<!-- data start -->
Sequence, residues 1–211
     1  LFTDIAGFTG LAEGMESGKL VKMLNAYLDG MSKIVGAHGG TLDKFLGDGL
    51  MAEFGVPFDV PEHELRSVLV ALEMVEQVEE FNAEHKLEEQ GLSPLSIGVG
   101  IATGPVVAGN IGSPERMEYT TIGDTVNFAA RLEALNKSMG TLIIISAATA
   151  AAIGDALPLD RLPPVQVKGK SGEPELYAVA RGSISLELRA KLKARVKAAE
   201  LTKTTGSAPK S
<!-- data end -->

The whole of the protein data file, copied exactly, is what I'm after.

Sequence, residues 1–211
     1  LFTDIAGFTG LAEGMESGKL VKMLNAYLDG MSKIVGAHGG TLDKFLGDGL
    51  MAEFGVPFDV PEHELRSVLV ALEMVEQVEE FNAEHKLEEQ GLSPLSIGVG
   101  IATGPVVAGN IGSPERMEYT TIGDTVNFAA RLEALNKSMG TLIIISAATA
   151  AAIGDALPLD RLPPVQVKGK SGEPELYAVA RGSISLELRA KLKARVKAAE
   201  LTKTTGSAPK S